Betts redeems himself with sacrifice fly in 19th

Wright delivers in relief after rotation change

Betts redeems himself with sacrifice fly in 19th

NEW YORK -- Mookie Betts struck out in the ninth inning. And in the 13th. And in the 15th. And in the 17th.

He'd never, ever had a game like the one that began on Friday night at Yankee Stadium.

"In my life," the Red Sox center fielder said. "It would have been the worst game of my life -- and then we won it."

The Red Sox did win it. Betts won it, with a 19th-inning sacrifice fly that finally gave the Sox a lead they wouldn't give up, and a 6-5 win over the Yankees in the longest game these two rivals have ever played.

They started on Friday, and played into Saturday. They played for six hours, 49 minutes (and waited through a 16-minute lighting delay in the 12th inning), making it the longest game by time in Red Sox history.

The Red Sox led 3-0 in the sixth, 3-2 with two out in the ninth, 4-3 in the 16th, 5-4 in the 18th and finally, 6-5, when Betts' fly ball to center field brought home Xander Bogaerts a little after 2 a.m. ET. Bogaerts was 0-for-4 through nine innings, but finished the night 4-for-8.

It was that kind of game.

"It's a matter of resiliency by both sides," Red Sox manager John Farrell said. "We can go on and on about individual plays, but this was a test of endurance."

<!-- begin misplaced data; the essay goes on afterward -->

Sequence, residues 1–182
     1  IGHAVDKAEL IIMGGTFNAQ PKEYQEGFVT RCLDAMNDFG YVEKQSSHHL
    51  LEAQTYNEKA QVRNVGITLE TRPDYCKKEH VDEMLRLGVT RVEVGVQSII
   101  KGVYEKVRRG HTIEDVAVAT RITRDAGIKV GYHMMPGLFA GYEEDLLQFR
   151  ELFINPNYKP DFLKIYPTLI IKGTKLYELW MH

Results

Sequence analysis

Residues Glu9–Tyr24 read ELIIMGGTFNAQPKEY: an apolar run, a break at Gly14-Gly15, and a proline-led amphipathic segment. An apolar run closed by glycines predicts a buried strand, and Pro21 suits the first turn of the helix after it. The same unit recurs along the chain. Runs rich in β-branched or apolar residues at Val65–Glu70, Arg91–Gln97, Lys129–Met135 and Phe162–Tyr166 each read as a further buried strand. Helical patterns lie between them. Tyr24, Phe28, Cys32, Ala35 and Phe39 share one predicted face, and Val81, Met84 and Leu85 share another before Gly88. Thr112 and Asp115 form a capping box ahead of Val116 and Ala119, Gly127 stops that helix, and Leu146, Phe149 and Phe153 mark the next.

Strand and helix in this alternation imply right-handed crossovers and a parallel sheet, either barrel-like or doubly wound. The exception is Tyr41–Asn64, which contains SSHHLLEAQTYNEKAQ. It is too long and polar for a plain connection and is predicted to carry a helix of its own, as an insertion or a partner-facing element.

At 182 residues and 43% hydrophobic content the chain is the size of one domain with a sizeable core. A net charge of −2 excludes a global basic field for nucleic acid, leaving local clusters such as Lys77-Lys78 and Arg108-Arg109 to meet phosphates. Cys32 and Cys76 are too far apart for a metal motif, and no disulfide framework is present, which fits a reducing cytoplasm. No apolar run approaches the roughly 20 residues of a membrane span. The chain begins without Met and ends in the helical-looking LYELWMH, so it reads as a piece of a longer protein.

Some of the plays were great, including the Bogaerts to Dustin Pedroia to Mike Napoli double play that ended it. Some of the plays were not, including the Hanley Ramirez misplay of what was ruled a game-tying Carlos Beltran double in the 18th.

Farrell wasn't ready to assign any blame to anyone, not after a game where his team fought so hard and so long and ended up with a win.

"All good things come to an end at some point," Farrell said with a smile, when someone asked if he began to wonder whether it would ever end.

It was a good thing for the Red Sox, thanks in part to Bogaerts and Betts, but also Steven Wright. At one point this week, Wright was supposed to be Saturday's Red Sox starter. When the Sox decided to go with Joe Kelly instead, Wright became available for long relief Friday (and is likely to head to Triple-A Pawtucket when Kelly is activated from the disabled list Saturday morning).

Wright seals the marathon win

"It fell kind of into our lap," Farrell said.

Because Wright had been stretched out as a starter, the Red Sox knew he could throw as many as 100 pitches, if needed. He entered the game in the 13th inning and ended up throwing 78.

By the time Wright threw his first pitch, his teammates had been playing for four hours. They were tired -- of course they were tired -- but they kept going.

"Somehow, we kept each other in the game," Betts said.

Danny Knobler is a contributor to This story was not subject to the approval of Major League Baseball or its clubs.